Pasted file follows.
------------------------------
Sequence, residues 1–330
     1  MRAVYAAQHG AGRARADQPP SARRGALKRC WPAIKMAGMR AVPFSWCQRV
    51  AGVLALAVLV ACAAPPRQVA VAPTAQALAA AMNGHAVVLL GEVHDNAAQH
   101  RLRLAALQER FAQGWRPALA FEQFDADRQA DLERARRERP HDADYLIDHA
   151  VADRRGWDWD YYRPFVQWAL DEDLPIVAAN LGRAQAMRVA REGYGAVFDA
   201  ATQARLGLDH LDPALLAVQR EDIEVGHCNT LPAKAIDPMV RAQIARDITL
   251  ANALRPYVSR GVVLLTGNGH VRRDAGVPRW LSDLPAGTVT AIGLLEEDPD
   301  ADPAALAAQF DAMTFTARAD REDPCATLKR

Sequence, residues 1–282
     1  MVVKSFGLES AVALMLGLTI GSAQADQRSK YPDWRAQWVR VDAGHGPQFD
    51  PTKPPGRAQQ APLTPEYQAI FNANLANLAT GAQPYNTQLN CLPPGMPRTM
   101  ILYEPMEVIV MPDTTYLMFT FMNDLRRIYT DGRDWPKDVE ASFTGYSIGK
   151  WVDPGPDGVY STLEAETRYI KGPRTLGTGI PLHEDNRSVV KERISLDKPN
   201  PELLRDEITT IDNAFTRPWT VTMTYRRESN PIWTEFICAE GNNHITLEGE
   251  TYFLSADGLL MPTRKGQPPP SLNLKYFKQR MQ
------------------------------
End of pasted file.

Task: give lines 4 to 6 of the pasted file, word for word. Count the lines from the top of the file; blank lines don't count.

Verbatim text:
   101  RLRLAALQER FAQGWRPALA FEQFDADRQA DLERARRERP HDADYLIDHA
   151  VADRRGWDWD YYRPFVQWAL DEDLPIVAAN LGRAQAMRVA REGYGAVFDA
   201  ATQARLGLDH LDPALLAVQR EDIEVGHCNT LPAKAIDPMV RAQIARDITL